Hole in the Head
Sugar, my trophy wife, is a very positive person. She is cheerful most of the time. She has, I often say, the gift of enthusiasm. I usually appreciate her encouragement, but sometimes I want to feel sorry for myself.
Yesterday was my annual physical. Being such a fine physical specimen, I have a feeling that my visit to the office is a treat for all the nurses. I don’t know why I have to take my clothes off to have my blood pressure taken nor why it has to be taken five times by five different nurses, but I go along.
Dr. Murphy praised me for losing 25 pounds since 2009. Slow but sure. At that rate, I will still be above 200 lbs in five more years. I am, even now, dangerously skinny for an NFL linebacker. I might have to become a kicker.
The one thing that I do not look forward to as part of a complete physical is the part when Dr. Murphy puts on his rubber glove. The first time I got a big boy physical, it was performed by Dr. Engdahl, who attended the same church as my family and whose daughter, a cheerleader, was in my class. A stranger might have been easier for me to tolerate. As Dr. Engdahl invaded my privacy, I told him, “Doc, I don’t like this,” and as he continued, I repeated, “I REALLY don’t like this!” Dr. Engdahl validated my opinion. “I’d be worried if you did like it.” I still don’t like it. One year I talked Dr. Murphy out of it. I persuasively argued that blood test ought to identify if I have prostate problems, which I don’t. This year I was not as persuasive.
Sugar waited for me in the car. I came out with a referral to a skin doctor to look at some sun damage to skin on my face. Every cowboy, lifeguard, swimmer, tennis player has sun damage to his skin. Still, I was sent to have it looked at.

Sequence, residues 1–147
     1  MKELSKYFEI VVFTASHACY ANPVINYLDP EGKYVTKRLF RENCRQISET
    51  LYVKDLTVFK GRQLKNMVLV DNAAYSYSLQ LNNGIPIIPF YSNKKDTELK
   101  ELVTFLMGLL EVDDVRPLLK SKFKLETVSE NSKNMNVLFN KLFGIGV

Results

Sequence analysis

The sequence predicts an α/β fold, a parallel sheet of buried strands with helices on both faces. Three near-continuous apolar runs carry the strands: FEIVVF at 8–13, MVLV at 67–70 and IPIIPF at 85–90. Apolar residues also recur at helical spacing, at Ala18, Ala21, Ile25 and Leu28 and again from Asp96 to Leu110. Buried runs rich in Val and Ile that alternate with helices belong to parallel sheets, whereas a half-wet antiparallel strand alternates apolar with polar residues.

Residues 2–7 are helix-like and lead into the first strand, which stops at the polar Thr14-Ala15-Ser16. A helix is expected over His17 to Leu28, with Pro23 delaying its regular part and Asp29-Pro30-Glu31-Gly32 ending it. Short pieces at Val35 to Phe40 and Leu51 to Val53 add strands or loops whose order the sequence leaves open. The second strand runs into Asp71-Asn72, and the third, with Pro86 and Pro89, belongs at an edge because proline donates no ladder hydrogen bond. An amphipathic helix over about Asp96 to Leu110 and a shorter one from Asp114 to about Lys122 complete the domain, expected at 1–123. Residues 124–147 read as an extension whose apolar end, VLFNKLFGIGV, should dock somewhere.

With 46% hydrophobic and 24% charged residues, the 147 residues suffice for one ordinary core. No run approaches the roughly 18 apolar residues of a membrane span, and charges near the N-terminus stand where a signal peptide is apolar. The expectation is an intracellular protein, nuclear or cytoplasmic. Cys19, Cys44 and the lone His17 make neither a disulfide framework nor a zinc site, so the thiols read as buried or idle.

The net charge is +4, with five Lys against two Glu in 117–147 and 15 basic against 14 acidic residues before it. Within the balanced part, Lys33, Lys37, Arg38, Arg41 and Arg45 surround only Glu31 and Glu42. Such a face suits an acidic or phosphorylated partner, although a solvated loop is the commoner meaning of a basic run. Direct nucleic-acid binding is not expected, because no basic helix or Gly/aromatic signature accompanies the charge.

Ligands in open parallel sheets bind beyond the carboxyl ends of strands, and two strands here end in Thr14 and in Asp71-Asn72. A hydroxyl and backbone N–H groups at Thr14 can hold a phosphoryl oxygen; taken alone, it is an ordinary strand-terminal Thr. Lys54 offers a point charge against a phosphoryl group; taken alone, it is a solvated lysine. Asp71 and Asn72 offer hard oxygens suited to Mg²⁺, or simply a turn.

Well, that skin doctor did more than look. First an assistant examined me. I had to take my shirt off for her to get a good look at the spot on my face, apparently. But, like I said, I am used to that sort of thing. She then called in the reinforcements, and the doctor himself was called into the room. He told his assistant to take a biopsy and chickened out himself, leaving the room. So the assistant and another lady were in the room helping each other cut into my face after shooting something into the spot to numb it. I am so tough that I did not need the shot, but they did not ask. I was still shirtless when a third woman came into the room. Like I said, I am used to women gawking when I take my shirt off.
The third one said, “Your wife or daughter wants to come into the room.” So Sugar joined the crowd. She is very territorial. I am not sure why she came in, but perhaps she heard the women of the office whispering about my lack of a shirt. Anyway, she busted in just as they were patching me up. I left with a bandage thing covering the site of “the procedure.”
On the way home, Sugar was still happy that the one office lady wondered if she was my daughter. (I invite you to look at the ABOUT page to scrutinize photos of the two of us to determine if you agree that she could be mistaken as my daughter, which insulted me, injuring my pride in my own youthful good looks). It was my mistake to tell Sugar that is what that lady said when she asked the physician’s assistant if she could come in. Naturally, that put Sugar in an even better mood.
Sugar said, “What a beautiful day it has been. Did you have fun?”
“Sugar,” I said, recounting the day, “I was violated by Dr. Murphy in the morning, had a lovely lunch with those folks from the volunteer fire department, then went and let the ladies at the skin doctor’s office dig a hole in my head. Does that seem to you like it would be fun for me?”
Sugar just laughed. So I told her about my conversation with Dr. Engdahl. She suggested I write a blog about it.